IRUS Total

Yellow fever in Asia - a risk analysis

File Description SizeFormat 
taab015(1).pdfPublished version1.02 MBAdobe PDFView/Open
Title: Yellow fever in Asia - a risk analysis
Authors: Cracknell Daniels, B
Gaythorpe, K
Imai, N
Dorigatti, I
Item Type: Journal Article
Abstract: Background There is concern about the risk of yellow fever (YF) establishment in Asia, owing to rising numbers of urban outbreaks in endemic countries and globalisation. Following an outbreak in Angola in 2016, YF cases were introduced into China. Prior to this, YF had never been recorded in Asia, despite climatic suitability and the presence of mosquitoes. An outbreak in Asia could result in widespread fatalities and huge economic impact. Therefore, quantifying the potential risk of YF outbreaks in Asia is a public health priority. Methods Using international flight data and YF incidence estimates from 2016, we quantified the risk of YF introduction via air travel into Asia. In locations with evidence of a competent mosquito population, the potential for autochthonous YF transmission was estimated using a temperature-dependent model of the reproduction number and a branching process model assuming a negative binomial distribution. Results In total, 25 cities across Asia were estimated to be at risk of receiving at least one YF viraemic traveller during 2016. At their average temperatures, we estimated the probability of autochthonous transmission to be <50% in all cities, which was primarily due to the limited number of estimated introductions that year. Conclusion Despite the rise in air travel, we found low support for travel patterns between YF endemic countries and Asia resulting in autochthonous transmission during 2016. This supports the historic absence of YF in Asia and suggests it could be due to a limited number of introductions in previous years. Future increases in travel volumes or YF incidence can increase the number of introductions and the risk of autochthonous transmission. Given the high proportion of asymptomatic or mild infections and the challenges of YF surveillance, our model can be used to estimate the introduction and outbreak risk and can provide useful information to surveillance systems.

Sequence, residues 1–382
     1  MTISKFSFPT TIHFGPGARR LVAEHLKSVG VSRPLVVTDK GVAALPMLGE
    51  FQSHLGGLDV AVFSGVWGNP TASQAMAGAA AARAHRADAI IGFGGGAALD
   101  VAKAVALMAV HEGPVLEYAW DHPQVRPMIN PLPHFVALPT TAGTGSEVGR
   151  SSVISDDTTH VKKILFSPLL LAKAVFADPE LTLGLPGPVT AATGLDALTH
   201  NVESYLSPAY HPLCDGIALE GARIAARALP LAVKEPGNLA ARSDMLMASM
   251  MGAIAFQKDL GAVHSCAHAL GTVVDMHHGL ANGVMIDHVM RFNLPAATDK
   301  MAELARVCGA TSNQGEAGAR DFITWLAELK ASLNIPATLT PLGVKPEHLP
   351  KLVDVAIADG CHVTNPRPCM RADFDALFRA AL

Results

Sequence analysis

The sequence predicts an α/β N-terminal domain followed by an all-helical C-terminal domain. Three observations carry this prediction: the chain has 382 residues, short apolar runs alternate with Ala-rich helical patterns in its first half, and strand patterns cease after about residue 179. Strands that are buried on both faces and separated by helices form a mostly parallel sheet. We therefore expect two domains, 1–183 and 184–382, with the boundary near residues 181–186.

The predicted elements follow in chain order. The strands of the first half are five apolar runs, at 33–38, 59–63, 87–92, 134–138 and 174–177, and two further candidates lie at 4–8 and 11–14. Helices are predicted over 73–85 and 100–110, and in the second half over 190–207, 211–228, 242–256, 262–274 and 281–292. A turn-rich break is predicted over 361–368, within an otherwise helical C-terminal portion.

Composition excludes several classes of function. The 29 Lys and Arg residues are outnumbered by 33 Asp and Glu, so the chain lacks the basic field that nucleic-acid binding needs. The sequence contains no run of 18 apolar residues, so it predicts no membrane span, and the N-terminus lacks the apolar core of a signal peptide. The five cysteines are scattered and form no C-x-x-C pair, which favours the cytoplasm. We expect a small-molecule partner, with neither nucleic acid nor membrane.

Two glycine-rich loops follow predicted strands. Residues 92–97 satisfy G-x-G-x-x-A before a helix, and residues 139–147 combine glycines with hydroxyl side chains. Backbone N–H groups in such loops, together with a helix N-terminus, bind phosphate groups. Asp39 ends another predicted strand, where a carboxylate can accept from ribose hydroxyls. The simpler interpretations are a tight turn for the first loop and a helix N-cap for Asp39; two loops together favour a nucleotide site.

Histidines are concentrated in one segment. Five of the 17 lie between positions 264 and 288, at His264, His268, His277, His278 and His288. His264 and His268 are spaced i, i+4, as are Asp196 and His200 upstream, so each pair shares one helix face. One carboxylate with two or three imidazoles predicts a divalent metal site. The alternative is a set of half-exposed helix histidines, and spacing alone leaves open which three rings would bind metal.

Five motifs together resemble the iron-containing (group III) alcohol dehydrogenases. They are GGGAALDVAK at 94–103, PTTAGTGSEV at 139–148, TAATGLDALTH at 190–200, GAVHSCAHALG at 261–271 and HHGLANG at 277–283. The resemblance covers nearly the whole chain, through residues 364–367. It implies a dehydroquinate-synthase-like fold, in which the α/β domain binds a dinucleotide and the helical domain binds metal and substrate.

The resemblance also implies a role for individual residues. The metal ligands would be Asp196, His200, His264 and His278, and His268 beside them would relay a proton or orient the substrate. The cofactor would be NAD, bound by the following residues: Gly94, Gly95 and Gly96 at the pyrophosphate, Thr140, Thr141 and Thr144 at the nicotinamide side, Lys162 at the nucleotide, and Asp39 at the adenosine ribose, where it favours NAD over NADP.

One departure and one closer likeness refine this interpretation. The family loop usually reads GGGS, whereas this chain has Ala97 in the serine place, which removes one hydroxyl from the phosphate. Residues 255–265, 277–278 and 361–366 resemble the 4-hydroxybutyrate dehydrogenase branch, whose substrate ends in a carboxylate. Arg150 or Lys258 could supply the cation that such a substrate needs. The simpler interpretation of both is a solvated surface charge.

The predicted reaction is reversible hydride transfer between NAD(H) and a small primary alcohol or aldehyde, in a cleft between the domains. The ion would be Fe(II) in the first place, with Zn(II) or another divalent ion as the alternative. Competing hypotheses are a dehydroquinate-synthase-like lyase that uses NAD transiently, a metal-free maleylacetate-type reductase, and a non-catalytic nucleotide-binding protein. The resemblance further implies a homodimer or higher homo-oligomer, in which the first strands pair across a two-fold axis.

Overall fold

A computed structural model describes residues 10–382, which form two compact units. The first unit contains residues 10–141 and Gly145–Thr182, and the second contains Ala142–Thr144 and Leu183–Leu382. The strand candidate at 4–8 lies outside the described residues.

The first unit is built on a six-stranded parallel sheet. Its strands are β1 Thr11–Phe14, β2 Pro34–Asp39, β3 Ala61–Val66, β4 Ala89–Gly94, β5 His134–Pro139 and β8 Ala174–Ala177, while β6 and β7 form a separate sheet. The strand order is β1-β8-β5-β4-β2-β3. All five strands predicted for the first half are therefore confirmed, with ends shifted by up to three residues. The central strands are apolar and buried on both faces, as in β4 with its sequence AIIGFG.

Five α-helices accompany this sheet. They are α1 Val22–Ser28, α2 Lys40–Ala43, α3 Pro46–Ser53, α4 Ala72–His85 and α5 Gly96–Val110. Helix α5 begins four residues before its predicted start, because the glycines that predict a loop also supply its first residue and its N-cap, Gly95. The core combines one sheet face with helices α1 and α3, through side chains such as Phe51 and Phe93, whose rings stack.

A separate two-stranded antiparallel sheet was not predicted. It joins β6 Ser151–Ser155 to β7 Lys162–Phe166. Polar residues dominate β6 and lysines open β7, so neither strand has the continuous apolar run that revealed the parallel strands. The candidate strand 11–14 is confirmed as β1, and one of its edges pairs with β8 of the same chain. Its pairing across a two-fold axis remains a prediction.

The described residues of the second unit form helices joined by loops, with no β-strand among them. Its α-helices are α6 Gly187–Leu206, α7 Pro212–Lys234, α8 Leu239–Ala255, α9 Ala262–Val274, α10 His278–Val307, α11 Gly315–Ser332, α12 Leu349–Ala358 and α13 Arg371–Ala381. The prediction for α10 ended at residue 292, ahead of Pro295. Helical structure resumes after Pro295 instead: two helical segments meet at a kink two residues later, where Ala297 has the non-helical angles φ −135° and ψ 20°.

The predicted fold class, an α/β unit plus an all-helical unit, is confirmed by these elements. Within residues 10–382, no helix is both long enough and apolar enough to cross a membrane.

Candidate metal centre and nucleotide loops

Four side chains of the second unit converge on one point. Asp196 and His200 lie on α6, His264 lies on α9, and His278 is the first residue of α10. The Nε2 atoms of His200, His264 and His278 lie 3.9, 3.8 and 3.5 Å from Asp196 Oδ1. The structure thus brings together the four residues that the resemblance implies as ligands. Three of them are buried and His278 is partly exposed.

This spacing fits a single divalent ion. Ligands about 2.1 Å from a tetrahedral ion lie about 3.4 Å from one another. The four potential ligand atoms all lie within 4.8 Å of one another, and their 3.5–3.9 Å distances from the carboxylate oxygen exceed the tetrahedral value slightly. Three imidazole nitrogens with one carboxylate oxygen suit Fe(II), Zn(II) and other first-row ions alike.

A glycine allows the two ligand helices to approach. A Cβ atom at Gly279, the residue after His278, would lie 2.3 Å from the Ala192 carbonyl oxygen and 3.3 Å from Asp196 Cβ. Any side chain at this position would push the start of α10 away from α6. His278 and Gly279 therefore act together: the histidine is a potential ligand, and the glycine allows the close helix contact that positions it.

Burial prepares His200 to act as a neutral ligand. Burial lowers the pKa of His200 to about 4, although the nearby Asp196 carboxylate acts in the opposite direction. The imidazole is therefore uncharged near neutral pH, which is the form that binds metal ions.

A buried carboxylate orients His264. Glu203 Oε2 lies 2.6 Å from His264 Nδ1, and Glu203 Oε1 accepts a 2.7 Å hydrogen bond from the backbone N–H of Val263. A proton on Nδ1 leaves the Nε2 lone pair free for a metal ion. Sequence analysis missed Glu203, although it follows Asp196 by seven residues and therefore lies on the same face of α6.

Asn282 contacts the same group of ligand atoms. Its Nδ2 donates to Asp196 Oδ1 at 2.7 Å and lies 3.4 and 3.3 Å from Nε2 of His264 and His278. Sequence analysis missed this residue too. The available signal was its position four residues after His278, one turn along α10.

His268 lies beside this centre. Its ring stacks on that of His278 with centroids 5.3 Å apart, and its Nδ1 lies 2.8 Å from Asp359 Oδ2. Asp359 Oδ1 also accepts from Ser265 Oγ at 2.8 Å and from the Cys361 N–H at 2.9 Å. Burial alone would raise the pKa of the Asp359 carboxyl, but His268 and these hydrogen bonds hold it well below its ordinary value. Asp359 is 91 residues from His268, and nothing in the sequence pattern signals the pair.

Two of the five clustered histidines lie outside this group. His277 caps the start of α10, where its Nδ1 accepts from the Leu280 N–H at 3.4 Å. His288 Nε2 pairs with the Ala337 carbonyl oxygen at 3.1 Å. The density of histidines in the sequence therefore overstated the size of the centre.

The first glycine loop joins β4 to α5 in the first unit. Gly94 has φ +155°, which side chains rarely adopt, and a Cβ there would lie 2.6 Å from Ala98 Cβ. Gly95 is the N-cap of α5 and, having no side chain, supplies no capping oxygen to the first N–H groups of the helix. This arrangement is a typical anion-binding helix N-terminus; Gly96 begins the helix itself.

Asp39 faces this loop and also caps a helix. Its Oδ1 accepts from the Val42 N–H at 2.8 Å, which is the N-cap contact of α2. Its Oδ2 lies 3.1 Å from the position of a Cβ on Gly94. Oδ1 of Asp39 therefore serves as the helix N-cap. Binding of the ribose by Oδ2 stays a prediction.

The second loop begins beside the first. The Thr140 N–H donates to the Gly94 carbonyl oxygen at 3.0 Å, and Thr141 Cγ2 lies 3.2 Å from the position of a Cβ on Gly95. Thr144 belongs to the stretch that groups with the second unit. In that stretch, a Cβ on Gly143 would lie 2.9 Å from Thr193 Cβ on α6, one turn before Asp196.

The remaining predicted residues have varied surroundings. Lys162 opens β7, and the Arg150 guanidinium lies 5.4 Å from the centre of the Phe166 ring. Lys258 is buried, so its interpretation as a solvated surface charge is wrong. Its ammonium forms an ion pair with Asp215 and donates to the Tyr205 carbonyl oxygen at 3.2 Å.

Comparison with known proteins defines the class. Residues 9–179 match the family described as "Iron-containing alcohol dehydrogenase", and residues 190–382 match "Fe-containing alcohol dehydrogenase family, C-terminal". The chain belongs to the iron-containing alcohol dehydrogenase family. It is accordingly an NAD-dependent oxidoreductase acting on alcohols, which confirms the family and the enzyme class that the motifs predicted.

Issue Date: 1-Apr-2021
Date of Acceptance: 20-Jan-2021
URI: http://hdl.handle.net/10044/1/87073
DOI: 10.1093/jtm/taab015
ISSN: 1195-1982
Publisher: Oxford University Press (OUP)
Journal / Book Title: Journal of Travel Medicine
Volume: 28
Issue: 3
Copyright Statement: © International Society of Travel Medicine 2021. Published by Oxford University Press.This is an Open Access article distributed under the terms of the Creative Commons Attribution License (http://creativecommons.org/licenses/by/4.0/), which permitsunrestricted reuse, distribution, and reproduction in any medium, provided the original work is properly cited.
Sponsor/Funder: Wellcome Trust
Medical Research Council
Medical Research Council (MRC)
Funder's Grant Number: 213494/Z/18/Z
Keywords: Tropical Medicine
1103 Clinical Sciences
1117 Public Health and Health Services
1506 Tourism
Publication Status: Published
Article Number: ARTN taab015
Online Publication Date: 2021-01-28
Appears in Collections:Faculty of Medicine
School of Public Health

This item is licensed under a Creative Commons License Creative Commons